|"A Bell and a Pomegranate" oil on gesso board, 6 x 6 inches|
I have completed many little still life paintings lately and I hope to show them in a couple different venues within the next few months. I like this painting because it is one with a bit of symbolism behind it.
I sometimes like my still life paintings to mean something to me personally. The meaning of the pomegranate goes back to ancient times and there are many traditions and cultures that use pomegranates as a decorative symbol that embodies some noble meaning. In some traditions it is known as a symbol of goodness and love. For me the many seeds symbolize the kind deeds that we can sew among others in our life.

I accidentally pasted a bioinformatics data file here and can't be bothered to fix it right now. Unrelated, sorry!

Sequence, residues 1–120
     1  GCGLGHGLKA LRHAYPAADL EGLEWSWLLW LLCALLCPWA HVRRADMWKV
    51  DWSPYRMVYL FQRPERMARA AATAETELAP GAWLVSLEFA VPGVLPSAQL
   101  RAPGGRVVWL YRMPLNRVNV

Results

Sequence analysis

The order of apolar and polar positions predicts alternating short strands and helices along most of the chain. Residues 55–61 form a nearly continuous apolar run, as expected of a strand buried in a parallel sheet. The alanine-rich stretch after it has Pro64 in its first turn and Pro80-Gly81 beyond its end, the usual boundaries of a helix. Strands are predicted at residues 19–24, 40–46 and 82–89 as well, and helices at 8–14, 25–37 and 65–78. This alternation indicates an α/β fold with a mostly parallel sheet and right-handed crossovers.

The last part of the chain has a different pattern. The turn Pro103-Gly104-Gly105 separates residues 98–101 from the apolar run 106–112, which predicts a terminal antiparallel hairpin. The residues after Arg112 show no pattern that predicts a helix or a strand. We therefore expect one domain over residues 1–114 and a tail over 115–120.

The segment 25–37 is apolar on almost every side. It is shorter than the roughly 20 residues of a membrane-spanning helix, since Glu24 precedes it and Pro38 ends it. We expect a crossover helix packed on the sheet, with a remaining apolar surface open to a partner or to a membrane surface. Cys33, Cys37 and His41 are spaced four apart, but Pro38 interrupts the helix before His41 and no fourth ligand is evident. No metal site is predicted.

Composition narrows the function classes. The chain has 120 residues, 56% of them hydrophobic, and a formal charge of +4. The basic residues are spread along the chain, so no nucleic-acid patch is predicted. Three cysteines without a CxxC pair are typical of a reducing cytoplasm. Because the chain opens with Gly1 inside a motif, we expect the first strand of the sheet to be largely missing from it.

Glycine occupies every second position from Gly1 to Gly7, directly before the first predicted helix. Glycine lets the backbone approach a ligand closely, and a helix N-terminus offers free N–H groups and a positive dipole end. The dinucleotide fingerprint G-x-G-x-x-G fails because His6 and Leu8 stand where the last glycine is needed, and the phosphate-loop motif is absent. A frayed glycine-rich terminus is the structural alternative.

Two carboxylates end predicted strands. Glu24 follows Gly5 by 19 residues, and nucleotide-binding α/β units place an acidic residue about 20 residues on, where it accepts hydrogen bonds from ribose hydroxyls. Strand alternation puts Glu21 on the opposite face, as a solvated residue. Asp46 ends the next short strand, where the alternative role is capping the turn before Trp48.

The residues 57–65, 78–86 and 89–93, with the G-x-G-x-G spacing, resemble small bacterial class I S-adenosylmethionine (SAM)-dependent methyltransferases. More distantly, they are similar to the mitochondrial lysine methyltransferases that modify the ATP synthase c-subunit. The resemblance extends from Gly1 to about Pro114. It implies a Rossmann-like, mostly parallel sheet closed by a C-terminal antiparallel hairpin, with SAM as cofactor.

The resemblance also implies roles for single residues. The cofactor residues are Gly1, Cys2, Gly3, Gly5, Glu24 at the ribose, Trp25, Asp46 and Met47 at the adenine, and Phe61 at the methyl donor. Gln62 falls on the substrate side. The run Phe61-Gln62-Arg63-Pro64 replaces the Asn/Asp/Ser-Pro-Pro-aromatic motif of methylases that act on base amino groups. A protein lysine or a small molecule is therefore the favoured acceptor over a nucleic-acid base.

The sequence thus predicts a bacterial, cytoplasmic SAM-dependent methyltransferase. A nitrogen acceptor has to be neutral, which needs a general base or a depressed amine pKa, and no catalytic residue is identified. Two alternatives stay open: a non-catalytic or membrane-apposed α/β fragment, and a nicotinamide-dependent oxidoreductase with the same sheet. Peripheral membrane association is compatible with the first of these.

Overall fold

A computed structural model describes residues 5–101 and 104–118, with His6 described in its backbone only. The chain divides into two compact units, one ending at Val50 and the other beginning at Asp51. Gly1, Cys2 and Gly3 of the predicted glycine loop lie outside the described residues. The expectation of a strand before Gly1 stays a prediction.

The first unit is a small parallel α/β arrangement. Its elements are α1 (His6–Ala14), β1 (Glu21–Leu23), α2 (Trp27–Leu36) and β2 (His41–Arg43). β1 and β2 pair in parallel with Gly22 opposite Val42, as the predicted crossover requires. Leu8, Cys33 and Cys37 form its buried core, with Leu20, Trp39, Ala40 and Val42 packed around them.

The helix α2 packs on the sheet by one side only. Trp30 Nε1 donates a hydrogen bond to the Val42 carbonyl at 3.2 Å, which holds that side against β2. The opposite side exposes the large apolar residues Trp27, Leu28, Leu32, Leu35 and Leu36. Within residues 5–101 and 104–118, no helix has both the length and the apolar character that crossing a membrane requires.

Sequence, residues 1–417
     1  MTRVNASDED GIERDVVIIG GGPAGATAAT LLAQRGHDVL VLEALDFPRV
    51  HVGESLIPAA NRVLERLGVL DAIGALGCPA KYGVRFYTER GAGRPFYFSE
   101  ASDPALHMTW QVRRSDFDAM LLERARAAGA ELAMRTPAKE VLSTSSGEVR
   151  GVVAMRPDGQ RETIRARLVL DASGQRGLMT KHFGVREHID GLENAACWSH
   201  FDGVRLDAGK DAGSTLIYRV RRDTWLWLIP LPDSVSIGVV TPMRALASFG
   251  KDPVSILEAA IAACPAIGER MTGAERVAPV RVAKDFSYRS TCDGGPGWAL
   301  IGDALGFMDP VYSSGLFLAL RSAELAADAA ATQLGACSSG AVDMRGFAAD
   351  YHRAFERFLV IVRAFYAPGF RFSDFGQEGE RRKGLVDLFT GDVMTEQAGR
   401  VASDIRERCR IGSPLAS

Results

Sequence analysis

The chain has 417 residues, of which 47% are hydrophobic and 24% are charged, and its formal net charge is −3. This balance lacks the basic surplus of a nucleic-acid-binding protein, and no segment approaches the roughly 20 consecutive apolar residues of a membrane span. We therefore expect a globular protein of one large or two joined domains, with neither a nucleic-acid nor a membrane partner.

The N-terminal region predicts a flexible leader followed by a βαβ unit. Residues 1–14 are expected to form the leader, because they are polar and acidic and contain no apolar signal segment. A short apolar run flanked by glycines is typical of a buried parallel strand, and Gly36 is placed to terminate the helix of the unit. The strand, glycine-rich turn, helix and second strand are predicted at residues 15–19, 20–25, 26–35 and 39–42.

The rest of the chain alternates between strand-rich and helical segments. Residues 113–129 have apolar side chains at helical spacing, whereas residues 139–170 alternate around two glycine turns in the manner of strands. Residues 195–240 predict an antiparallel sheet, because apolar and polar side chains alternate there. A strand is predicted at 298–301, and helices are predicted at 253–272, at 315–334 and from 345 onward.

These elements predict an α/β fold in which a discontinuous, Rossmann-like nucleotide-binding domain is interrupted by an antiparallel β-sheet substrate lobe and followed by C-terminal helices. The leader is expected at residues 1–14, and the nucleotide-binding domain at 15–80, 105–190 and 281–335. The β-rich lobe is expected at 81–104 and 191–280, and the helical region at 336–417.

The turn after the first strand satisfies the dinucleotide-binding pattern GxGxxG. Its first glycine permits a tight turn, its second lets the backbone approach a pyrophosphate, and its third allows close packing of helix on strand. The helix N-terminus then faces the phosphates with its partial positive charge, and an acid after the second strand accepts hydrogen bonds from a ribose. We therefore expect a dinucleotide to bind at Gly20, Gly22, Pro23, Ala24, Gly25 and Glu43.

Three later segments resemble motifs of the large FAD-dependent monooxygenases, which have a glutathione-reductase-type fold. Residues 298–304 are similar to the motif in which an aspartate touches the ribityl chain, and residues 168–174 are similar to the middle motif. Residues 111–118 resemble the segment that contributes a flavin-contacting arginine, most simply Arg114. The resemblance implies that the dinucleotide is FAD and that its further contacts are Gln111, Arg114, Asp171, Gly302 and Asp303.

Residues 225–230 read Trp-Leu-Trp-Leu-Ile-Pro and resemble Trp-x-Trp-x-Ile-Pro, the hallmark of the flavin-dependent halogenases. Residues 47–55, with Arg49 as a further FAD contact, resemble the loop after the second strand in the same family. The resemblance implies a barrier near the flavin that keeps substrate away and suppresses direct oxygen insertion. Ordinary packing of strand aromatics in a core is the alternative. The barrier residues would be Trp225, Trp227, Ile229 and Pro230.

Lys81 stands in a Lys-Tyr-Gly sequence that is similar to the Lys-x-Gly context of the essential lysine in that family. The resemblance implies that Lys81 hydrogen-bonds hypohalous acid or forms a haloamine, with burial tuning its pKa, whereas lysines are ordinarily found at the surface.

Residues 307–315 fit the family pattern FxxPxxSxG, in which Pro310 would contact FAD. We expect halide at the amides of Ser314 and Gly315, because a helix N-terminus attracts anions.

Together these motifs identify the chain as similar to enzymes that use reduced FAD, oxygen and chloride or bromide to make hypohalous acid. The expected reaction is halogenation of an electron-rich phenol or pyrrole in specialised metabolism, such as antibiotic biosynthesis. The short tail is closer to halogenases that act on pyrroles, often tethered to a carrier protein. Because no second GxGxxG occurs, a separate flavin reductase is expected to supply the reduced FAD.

I first learned of the symbolism while reading the book of Exodus. In the Jewish tradition pomegranates and bells are paired together decoratively on garments and as architectural ornamentation. Some commentaries state that the seeds of the pomegranate represent the many commandments given in the Torah. The bell symbolizes attentive listening. In the ancient book of Exodus, God gave instructions for weaving a beautiful fabric decorated with pomegranates and bells on the hem of priestly garments. The bells would tinkle when the high priest entered the most Holy Place of the temple which was hidden by a curtain. Only the high priest could enter this area of the alter (also called the Holy of Holies). It was important that others could hear the bells from behind the curtain so that they would know the priest was alive and well and had not fallen without anyone's knowledge of him being there. The significance of listening for the bells of the high priest go beyond the practical interpretation because for many the high priest spoke and ministered on God's behalf.